The practice of yoga, meditation and mindfulness all highlight India’s recognition of the importance of mental, as well as physical, wellbeing. A lesser known aspect of this belief is how it can be embedded and translated into the inner workings of businesses and cater to the needs of their employees. In a world where mental health awareness is becoming more and more widespread, along with the worry of work-life balance and the toll that the corporate world can have on a person, why are platforms of spirituality, mindfulness, meditation, yoga, and other states designed to aid the mind and spirit, not more available in corporate culture?
A company that has taken this to an inspiring level is Mu Sigma’s Bangalore office. Our group of 15 New Zealand students visited Mu Sigma on the 28th November 2019. Upon arrival we were taken upstairs to the main office and given a tour of the floor. The thing that caught most of our attention was the wellness area. This was not just a couple of beanbags in the corner of a room with an espresso machine; it was a significant area of space, gated by leafy plants and kitted out with incense, yoga mats, meditation pillows and an employee whose sole job was to be head of mindfulness and wellness. This woman told us that there are also counselors available at all times for the employees to speak to about whatever they may feel they need to.
What was truly memorable about this experience was how much the idea of respecting the mind and soul was seen as integral in this company. The head of wellness spoke to us about how work cannot properly get completed if the mind is not being taken care of, because it will be messy and not performing to its true capacity. She said that the brain can only properly focus on a task for 20 minutes at a time and once it gets distracted it takes 25 minutes to properly return its focus to that task. She went on to say that this means that we must help our brain to do this, by calming it and nurturing it with meditation, yoga and mindfulness. These states help us to have greater focus and not get distracted.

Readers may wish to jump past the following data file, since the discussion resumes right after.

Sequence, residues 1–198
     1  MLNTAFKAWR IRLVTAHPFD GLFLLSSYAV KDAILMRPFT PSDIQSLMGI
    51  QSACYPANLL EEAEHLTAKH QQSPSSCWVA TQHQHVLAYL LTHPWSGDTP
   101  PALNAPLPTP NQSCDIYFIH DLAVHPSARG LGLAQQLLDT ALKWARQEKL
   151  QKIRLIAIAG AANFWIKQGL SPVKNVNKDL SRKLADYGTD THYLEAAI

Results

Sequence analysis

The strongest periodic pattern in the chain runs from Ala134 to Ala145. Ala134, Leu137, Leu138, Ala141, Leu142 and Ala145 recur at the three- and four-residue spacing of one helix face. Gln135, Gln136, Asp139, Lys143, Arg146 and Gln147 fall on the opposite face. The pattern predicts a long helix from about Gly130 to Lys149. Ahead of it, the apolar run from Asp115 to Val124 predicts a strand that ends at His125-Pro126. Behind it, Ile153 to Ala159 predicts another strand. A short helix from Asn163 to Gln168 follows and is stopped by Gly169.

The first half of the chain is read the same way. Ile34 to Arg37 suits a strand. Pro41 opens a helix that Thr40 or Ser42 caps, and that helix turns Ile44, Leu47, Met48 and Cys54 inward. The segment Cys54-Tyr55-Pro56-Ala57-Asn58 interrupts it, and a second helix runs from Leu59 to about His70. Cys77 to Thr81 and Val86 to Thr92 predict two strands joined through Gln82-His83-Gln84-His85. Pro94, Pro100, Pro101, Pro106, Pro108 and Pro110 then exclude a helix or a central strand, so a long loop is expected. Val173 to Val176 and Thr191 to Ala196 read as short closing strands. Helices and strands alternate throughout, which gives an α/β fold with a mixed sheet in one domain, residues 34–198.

The head of wellness then took us through a guided meditation before we went on to learn more about the company. For myself, and I’m sure many other students, this was not only a welcome experience, but also an enlightening one. During this time we were not only heavily focused on soaking up as much of India as we could (as we still are), but were also in the midst of getting our results back from end of year exams. The strain that we put on our minds often goes unnoticed until we take it off, and someone telling us exactly how to relieve our minds was freeing.
This student-life stress does not go away simply after graduating, because the hectic-ness and busyness of learning and working and living, which we love, is what tires us out. Because we so often love what we do, we don’t notice the negative effects that work, especially in a corporate space, can have on us. Mu Sigma has created a space where its employees can explore their own stresses and talk them through with someone, meditate or do yoga, without even having to leave the office. I can only imagine the positive effect this type of initiative could have on corporate life in New Zealand.